Some data companies hardly hide what they are doing. Lockdown found that the settings established by appsflyer and kochava data companies can make their customers ignore people’s tracking preferences.
Screenshot of appsflyer disclaimer taken by Lockdown
Kochava, a developer of advertising performance software, launched a product called “appletracker 4.6.1”. Lockdown found that kochava allows its customers to simply switch to override the user’s tracking request. Kochava said that this function is designed to allow companies to track customers through their own applications and websites, which does not violate Apple’s narrow anti tracking definition. But there is little to stop developers from using kochava to track applications developed by different companies, which is an absolute violation of Apple’s rules.

Lockdown discovery data company appsflyer uses a similar approach. Johnny Lin, co-founder of lockdown and former apple icloud engineer, said that this is a privacy cheating mode. All you have to do is “click a button”.
Who is responsible for the use of this technology? Both companies have warnings on their websites telling application developers not to abuse their ability to deal with people who choose not to be tracked. But technically, they did not stop this behavior.
“These guidelines were written by apple and we want apple to implement them. Kochava’s default behavior is in line with Apple’s policy,” kochava said. “App developers have complete control of the situation,” appsflyer said
Kayan drans, senior director of global product marketing for Apple’s iPhone, stressed that privacy is the key selling point at the iPhone 13 virtual conference
Will Apple launch a new solution?
Protecting privacy has triggered an arms race. Many advocates say apple has played an important role in cracking down on tracking. Bennett Cyphers, a technical expert at the digital rights advocacy group EFF, said: “Apple has changed from ‘tracking is allowed by default’ to ‘tracking is allowed only when users choose to accept’, which is a very affordable thing.”
But if you’re a privacy conscious iPhone user, the rise of fingerprint recognition is bad news. Ashkan Soltani, former chief technical expert of the Federal Trade Commission (FTC), said: “In the past, consumers had some control over their data. For example, they could at least reset IDFA and know that they might decouple their previous activities from any new actions they were doing. Through fingerprint identification, you don’t know whether a company is really chasing your activities. If this happens, they don’t have a simple way to stop it.”
The open question is what Apple will do about it. Many app developers and data companies hide behind apple, saying that if they do something wrong, Apple will stop them in the review before allowing them to enter the app store. In April this year, apple seemed to set an example in the application with a data company called adjust, prompting the latter to stop collecting money But industry executives say Apple’s law enforcement has failed since then, and data companies are watching to what extent they can promote it.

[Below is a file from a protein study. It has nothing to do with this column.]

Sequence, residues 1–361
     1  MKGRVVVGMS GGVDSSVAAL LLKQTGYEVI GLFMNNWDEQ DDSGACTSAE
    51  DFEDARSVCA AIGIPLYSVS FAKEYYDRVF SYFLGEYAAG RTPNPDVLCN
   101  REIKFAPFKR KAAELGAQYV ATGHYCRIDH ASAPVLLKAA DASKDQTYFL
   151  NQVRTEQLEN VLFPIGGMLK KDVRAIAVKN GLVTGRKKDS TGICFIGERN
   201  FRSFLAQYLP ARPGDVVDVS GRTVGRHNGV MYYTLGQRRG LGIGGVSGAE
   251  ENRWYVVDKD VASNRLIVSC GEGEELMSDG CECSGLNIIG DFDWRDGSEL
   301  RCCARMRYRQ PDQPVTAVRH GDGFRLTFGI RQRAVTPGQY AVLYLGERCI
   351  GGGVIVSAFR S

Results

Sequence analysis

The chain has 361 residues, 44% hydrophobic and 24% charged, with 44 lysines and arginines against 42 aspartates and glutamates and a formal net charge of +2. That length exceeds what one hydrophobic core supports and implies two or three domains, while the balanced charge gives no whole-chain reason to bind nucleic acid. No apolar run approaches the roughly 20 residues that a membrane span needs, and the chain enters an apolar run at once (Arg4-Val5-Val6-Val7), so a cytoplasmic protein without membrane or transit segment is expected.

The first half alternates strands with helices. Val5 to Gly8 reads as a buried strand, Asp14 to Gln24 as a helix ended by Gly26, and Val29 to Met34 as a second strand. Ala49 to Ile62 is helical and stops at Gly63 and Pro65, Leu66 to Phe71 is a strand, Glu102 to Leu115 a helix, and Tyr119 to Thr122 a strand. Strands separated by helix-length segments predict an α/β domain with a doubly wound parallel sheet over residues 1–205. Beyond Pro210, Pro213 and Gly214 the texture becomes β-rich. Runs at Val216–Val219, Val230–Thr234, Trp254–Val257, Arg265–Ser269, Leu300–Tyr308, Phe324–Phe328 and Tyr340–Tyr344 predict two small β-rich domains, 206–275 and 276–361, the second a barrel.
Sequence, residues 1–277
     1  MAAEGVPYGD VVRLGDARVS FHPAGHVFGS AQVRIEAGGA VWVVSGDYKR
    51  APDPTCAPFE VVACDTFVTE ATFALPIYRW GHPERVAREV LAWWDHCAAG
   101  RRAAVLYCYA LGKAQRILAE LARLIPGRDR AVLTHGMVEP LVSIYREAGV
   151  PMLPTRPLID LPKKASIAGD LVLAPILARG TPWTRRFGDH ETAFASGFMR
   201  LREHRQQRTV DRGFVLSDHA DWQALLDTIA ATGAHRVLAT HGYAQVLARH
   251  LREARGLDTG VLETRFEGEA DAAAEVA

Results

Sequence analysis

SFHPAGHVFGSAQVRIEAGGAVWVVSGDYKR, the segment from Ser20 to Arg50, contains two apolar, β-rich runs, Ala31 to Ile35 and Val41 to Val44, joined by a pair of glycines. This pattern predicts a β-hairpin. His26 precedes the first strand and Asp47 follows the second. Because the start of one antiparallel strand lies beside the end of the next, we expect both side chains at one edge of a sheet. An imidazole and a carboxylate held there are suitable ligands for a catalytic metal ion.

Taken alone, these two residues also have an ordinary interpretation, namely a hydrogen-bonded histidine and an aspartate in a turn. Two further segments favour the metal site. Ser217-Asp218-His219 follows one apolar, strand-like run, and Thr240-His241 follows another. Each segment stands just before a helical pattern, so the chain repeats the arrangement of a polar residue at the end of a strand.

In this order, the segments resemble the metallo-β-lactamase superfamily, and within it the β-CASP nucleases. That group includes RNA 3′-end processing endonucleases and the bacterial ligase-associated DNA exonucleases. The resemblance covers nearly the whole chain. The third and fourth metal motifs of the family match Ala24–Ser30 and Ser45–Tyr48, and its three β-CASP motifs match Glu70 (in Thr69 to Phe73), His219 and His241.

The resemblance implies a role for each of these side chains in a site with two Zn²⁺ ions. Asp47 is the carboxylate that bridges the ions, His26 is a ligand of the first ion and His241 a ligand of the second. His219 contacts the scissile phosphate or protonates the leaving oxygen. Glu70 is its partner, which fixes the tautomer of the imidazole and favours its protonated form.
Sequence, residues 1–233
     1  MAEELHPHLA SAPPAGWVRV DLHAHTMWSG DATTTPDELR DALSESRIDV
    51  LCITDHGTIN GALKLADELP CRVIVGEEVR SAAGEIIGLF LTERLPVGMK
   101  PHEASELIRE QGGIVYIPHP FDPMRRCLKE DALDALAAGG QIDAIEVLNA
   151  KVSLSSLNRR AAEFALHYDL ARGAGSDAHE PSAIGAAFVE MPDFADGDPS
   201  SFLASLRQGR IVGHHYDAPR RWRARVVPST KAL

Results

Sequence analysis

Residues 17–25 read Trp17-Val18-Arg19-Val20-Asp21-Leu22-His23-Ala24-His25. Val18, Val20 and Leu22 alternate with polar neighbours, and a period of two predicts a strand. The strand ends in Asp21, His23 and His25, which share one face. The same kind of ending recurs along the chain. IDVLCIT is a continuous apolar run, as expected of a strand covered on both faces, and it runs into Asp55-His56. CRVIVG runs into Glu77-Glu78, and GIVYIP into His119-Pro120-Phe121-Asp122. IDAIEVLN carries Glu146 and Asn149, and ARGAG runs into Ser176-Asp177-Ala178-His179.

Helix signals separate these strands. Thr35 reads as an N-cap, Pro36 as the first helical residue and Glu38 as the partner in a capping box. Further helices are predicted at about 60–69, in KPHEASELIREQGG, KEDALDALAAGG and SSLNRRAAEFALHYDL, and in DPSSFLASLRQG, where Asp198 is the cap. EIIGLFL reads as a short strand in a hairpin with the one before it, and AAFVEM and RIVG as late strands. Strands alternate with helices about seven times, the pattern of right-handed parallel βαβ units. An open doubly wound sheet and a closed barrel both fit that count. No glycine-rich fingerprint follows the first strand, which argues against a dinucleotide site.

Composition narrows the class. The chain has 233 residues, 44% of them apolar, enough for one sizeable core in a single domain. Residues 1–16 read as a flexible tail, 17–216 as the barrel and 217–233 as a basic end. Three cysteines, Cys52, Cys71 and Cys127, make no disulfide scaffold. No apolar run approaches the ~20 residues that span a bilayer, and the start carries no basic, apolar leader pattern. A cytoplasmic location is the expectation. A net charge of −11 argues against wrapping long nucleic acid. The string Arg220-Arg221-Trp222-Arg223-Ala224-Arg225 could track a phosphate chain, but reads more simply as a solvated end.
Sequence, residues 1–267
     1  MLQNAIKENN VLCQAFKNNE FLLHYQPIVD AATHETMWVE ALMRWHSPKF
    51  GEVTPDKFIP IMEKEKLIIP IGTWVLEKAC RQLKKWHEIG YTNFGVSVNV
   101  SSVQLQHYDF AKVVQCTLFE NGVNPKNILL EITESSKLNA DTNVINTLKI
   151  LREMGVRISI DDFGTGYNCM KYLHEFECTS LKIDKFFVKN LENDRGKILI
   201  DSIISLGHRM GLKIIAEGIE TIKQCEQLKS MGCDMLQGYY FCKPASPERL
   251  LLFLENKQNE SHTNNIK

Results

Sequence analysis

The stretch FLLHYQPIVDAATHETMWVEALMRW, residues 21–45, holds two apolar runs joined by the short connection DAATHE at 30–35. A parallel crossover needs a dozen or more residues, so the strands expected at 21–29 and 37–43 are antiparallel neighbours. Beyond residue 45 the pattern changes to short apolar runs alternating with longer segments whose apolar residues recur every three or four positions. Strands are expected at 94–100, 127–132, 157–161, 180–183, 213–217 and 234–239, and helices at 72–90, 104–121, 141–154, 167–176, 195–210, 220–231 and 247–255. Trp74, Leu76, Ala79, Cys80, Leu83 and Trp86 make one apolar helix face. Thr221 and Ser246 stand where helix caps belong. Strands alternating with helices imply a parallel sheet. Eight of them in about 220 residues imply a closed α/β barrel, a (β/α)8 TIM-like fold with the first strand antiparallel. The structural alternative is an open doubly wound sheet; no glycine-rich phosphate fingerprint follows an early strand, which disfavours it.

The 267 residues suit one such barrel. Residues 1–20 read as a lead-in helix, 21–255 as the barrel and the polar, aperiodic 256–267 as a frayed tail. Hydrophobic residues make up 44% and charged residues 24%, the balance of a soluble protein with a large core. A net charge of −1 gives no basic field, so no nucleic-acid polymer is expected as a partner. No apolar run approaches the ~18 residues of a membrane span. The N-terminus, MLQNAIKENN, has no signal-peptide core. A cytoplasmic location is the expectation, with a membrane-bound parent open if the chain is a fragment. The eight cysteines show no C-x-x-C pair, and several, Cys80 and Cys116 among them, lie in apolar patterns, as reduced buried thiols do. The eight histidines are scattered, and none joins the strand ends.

Eric seufert, founder of Heracles, a consulting firm, said: “Apple has not taken any measures to stop this trend, so every company has begun to do so.” Apple said that it is the responsibility of the application itself to comply with its rules, but for policy considerations related to reaction tracking and fingerprint identification, Apple has rejected tens of thousands of applications.
Without a thorough audit, it is difficult for even apple to know exactly what happens when the data leaves the application and flows to a third party. Some application and data companies also take technical measures to hide the code, making the investigation more difficult. Applications do have to state in their privacy policy that they send data to a third party, but usually do not specify the sending Apple earlier this year began requiring apps to publish privacy “nutrition labels” on its app store, but this does not include the name of the company receiving the data.
The new app privacy reporting function in IOS 15 allows people to see which domain names their apps contact, but users can’t choose to exit the connection alone. If you want to block trackers, software such as lockdown, jumbo privacy or privacy pro of disconnect will try to cut off contact with tracking companies.
Apple may also come up with new technical solutions to make it more difficult for applications to fingerprint on their devices. As part of icloud + subscription, Apple’s new private relay service may pave the way for this. It hides the IP address of network trackers in Safari browser, which is usually the key to application fingerprint identification.
Unless apple takes action, iPhone users’ privacy is in the hands of application developers and data companies. Considering their history, it is even more disturbing to entrust our personal information to them! (reviewed by Tencent technology / Jinlu)